Food Aboard Passenger and Cruise Ships

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Re: Food Aboard Passenger and Cruise Ships

Postby shipbuilder » Wed Jun 13, 2012 12:43 pm

I can only compare then with the passenger ship companies that I sailed with - Union-Castle and St. Helena Shipping. The menus I have seen were in Walter Lord's "A Night To Remember." The 2nd class menu looks OK, but the 1st Class one just does not have the choices that I would have expected for 1st class. Same goes for the lunch menu on MAURETANIA, 1934 - shown above. In the TITANIC menu, they even had Corned Beef listed! Now, I love corned beef, but I have never seen it on a passenger ship menu. Also Mutton Chops - doesn't sound as good as Spring Lamb (that was on the 2nd class TITANIC menu!)!
Another thing that was never on the menu in the Castles was things like Fish & Chips, Sausage, Egg & Chips, etc, but they were available from the chip shop on the REINA DEL MAR, but they were not printed anywhere. We did have informal "Fish & Chip" suppers on deck in the ST. HELENA. The food on the ST. HELENA was very much simpler than the menus I have shown above, but it appealed to me more than all that fancy stuff on the Castles.

Boat Drills
I always assumed that Boat Drill was compulsory for passengers on all passenger ships after WWII, maybe even belore. But I don't think passenger were allotted lifeboats at all. They went to various muster points and would be directed from there to the most suitable boats in case of emergency. The reason for this was if the ship had a heavy list, the boats on the high side may not be able to be launched at all.

They weren't inconvenienced long at boat drills. After they had been checked and counted at their muster stations, they could go, but the rest of us carried on for over an hour. Our boat drills in Cape Town Harbour when all the passengers had disembarked were long, wearisome affairs that involved lowering all the port lifeboats into the dock, jammed to capacity and beyond with crew memebers. An interesting point was that in the Castles, all the ships company from captain had to watch "A Night To Remember" starring Kenneth More as a lesson in how to behave correctly. We had special showings in the cinemas and had to sign to say we had seen it!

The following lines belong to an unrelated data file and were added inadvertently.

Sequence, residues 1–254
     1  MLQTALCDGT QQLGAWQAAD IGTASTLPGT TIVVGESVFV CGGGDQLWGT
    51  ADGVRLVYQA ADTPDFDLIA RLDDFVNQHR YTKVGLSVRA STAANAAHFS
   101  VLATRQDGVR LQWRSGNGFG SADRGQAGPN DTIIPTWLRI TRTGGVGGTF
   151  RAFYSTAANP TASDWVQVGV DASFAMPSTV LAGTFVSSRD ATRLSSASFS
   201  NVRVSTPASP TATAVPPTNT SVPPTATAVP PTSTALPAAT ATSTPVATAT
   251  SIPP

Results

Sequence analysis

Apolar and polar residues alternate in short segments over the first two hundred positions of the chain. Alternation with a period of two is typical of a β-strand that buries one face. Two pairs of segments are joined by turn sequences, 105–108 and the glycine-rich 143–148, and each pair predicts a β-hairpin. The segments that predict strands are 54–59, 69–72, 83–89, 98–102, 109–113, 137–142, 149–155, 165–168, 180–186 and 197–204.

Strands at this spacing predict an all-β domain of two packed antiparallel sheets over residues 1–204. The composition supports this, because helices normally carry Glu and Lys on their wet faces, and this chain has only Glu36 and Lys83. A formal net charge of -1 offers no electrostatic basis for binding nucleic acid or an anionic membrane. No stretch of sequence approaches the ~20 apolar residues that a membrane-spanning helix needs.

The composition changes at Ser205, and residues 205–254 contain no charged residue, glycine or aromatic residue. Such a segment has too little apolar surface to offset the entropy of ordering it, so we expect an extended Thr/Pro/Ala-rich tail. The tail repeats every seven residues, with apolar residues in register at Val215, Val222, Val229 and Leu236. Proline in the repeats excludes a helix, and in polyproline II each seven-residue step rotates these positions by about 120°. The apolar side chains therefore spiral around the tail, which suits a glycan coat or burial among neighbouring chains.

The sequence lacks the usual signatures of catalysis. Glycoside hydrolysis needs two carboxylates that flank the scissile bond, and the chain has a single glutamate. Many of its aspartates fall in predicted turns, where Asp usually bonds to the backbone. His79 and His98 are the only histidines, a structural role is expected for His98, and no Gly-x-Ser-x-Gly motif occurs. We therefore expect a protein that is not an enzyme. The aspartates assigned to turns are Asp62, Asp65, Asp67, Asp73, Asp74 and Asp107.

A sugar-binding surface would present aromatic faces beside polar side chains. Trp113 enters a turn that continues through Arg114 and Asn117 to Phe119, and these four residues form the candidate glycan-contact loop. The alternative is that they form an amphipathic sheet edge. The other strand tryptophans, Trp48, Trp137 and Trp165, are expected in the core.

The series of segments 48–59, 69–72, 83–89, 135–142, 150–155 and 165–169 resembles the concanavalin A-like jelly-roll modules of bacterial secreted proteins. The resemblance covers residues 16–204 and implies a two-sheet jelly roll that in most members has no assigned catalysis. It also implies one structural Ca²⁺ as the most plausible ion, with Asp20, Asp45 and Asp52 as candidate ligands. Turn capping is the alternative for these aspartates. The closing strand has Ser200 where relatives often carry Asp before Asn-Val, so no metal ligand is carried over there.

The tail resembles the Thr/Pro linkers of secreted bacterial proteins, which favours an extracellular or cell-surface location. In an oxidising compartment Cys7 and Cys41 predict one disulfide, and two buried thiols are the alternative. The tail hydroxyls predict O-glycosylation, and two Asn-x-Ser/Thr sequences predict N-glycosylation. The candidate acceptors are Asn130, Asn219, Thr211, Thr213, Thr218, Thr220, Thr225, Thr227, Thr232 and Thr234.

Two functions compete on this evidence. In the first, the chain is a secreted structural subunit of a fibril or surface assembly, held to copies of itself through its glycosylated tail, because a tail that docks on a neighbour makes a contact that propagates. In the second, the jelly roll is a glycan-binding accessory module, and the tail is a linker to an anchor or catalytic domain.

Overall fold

Any crew member who had more than six months sea time, was expected to study for and pass the lifeboat examination. That included all the female staff, stewardesses, stewardettes, female officers etc. Mine is attached. There were literally hundreds of us with this certificate (Total ship's company 400 on the WINDSOR CASTLE)
Bob
Attachments
Lifeboat Cert (Large).jpg
Lifeboar Certificate
Lifeboat Cert (Large).jpg (292.41 KiB) Viewed 4974 times
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Re: Food Aboard Passenger and Cruise Ships

Postby VW1956 » Wed Jun 13, 2012 5:36 pm

Hello Denise and Bob. I have had the question of how were they able to plan all the meals and get the menus printed up before they left on my mind for years. And now I know how they did it. Thanks. I mentioned on a thread last year (or the year before that) about how many pictures there must be hidden away in lofts and garages. There must have been tens of thousands of people with cameras on liners from 1910 to 1960. Which could mean there were easily 250,000 pictures taken. Most by now will have been thrown away but there must still be many thousands still to turn up. Ken.
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Re: Food Aboard Passenger and Cruise Ships

Postby shipbuilder » Wed Jun 13, 2012 9:13 pm

Ken